A valuable fact that he shared was that there are 42 fish species in the Fraser River and only 5 of these are commercially harvested Salmon. By showing the decline of other little-researched and non-commodified fish such as the Largescale Sucker (which makes up some of the largest biomass of freshwater fish in the Fraser River), he made it clear that our impact to the largest river in BC has affected a great number of species, many of whom we are not aware of the extent of our impact upon.
Other perspectives included the difficulties that our infrastructure presents to the health of Vancouver’s watershed. Celia Brauer gave an introduction to the loss of Vancouver’s many watercourses and some ideas for restoration work, such as pocket marshes in the waterlogged Douglas Park, as opposed to engineered drains. Bryn Davidson (St. George’s Creek Blueway) discussed the plans and community action to daylight old creeks within the city, beginning with a community-created mural along St. George street that will happen next month. The slides he presented on the history of Vancouver’s lost creeks, and particularly the visual plans for how to revive them were of great interest to me, as I live only blocks from here!
Christianne Wilhelmson (Executive Director of the Georgia Strait Alliance) shared some disturbing facts about the way we handle our waste water in the Salish Sea:
“Waste water is the number one surface polluter of water in Canada. In Metro Vancouver, only 50% of our waste water is treated to what is considered around the world as a minimum standard.”
Her frightening description of the mixing of storm water and raw sewage that gets discharged into the Strait of Georgia and the Burrard Inlet during the rainy months sent chills down my spine. Thankfully, Ms. Wilhelmson did present pilot projects, such as one at the Lulu plant (the removal of Phosphorus from waste) that allow for us to reduce this environmental footprint. Other concerns were presented by Ben West (Wilderness Committee) who spoke primarily of pipelines, refineries and tankers that threaten both inland watercourses and our coast. An example of this is the 300,000 barrel/day pipeline which runs from Edmonton to Burrard Inlet and carries fuel that is primarily used domestically. While some of this fuel is refined on the Inlet, nearly 20 tanker-fulls are sent to the Chevron station each day for refining before returning to the BC coast. When we are aware of how existing use of fossil fuel has the ability to threaten our water on this daily basis it becomes ever more critical to innovate current technologies and methods of fuel production and consumption.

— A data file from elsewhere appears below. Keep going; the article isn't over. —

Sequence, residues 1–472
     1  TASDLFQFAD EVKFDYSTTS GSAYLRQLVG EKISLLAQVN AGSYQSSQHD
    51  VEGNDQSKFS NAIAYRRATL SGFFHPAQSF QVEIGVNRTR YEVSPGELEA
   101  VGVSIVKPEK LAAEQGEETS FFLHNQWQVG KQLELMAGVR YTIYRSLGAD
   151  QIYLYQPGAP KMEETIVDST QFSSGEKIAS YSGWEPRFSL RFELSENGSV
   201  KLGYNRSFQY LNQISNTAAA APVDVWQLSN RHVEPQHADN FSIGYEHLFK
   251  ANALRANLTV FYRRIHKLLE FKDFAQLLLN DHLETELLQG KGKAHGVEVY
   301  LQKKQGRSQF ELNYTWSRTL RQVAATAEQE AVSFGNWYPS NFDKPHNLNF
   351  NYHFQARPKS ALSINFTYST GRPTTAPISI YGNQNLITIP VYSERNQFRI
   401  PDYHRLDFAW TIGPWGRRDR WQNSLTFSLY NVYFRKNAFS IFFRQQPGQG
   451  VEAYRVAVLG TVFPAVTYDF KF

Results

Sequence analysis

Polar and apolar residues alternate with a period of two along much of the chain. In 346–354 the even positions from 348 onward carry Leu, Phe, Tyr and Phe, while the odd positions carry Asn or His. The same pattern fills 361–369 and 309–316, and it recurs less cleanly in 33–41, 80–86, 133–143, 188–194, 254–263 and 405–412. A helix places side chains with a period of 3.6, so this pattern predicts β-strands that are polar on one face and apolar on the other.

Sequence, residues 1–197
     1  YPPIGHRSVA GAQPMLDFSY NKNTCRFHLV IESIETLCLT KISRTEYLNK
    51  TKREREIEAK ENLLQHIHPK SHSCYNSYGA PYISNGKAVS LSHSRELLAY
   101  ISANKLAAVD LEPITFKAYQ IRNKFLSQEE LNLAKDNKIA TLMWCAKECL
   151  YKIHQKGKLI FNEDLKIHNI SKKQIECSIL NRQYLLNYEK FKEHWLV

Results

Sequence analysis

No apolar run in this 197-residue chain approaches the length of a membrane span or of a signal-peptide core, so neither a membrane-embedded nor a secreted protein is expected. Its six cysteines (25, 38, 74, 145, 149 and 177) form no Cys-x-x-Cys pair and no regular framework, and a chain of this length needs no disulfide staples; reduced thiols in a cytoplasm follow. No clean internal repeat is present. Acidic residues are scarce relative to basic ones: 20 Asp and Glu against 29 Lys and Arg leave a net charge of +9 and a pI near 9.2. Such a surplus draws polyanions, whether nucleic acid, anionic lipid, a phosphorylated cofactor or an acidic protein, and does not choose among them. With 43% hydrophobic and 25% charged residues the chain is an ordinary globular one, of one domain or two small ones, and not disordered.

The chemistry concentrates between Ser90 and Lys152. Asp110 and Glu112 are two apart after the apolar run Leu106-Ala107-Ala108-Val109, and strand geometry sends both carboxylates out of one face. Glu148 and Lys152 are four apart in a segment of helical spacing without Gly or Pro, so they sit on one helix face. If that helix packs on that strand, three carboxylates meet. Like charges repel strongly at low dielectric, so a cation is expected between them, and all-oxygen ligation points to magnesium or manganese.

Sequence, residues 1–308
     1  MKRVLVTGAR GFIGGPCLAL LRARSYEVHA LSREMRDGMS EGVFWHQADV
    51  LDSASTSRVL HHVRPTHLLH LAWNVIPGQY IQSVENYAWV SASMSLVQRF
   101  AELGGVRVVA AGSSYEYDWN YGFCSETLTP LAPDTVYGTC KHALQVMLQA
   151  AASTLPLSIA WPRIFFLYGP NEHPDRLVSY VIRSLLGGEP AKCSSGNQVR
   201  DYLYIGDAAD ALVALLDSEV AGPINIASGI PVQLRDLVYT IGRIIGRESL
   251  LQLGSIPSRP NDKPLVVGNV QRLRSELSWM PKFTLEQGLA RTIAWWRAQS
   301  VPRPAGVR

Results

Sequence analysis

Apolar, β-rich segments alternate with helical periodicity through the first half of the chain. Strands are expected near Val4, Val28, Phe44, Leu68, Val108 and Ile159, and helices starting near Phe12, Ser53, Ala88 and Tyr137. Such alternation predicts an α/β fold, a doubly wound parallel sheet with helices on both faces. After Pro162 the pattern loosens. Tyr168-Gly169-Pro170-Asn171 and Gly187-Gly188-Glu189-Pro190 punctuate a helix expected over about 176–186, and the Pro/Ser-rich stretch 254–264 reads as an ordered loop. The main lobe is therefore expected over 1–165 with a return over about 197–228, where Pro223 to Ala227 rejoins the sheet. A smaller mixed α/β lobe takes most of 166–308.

The afternoon ended with an overview of Vancouver’s Greenest City Action Plan by City Councillor, Andrea Reimer. She shared her belief that Vancouver must work harder to protect and enhance our riverfront and smaller creek systems, which, in contrast to coastal inlet, is little recognized outside of British Columbia. An example was given of how the city of New York has been working to address the quality of their waterfront with the Metropolitan Waterfront Alliance, a model that Reimer feels is the one of the best models for bringing citizens together to find creative solutions for the responsible use and conservation of watersheds.
“Here in Vancouver we could be looking at internal Blueways, not just at the River, but the creek system that fed that river historically. “
Her enthusiasm for greening the city was heartening, although I wished to hear more about city plans for wetland protection which is listed as a municipal goal.
What could I take away from this conference? The event ended with moderator, Rita Wong, proposing a declaration to protect our local watershed…something that received positive response. I left with the feeling that this just might happen with the right collaboration of citizens, advocates and government who share their concern over the waters that all of our lives depend upon.
To see more photographs from this event, visit our Flickr set.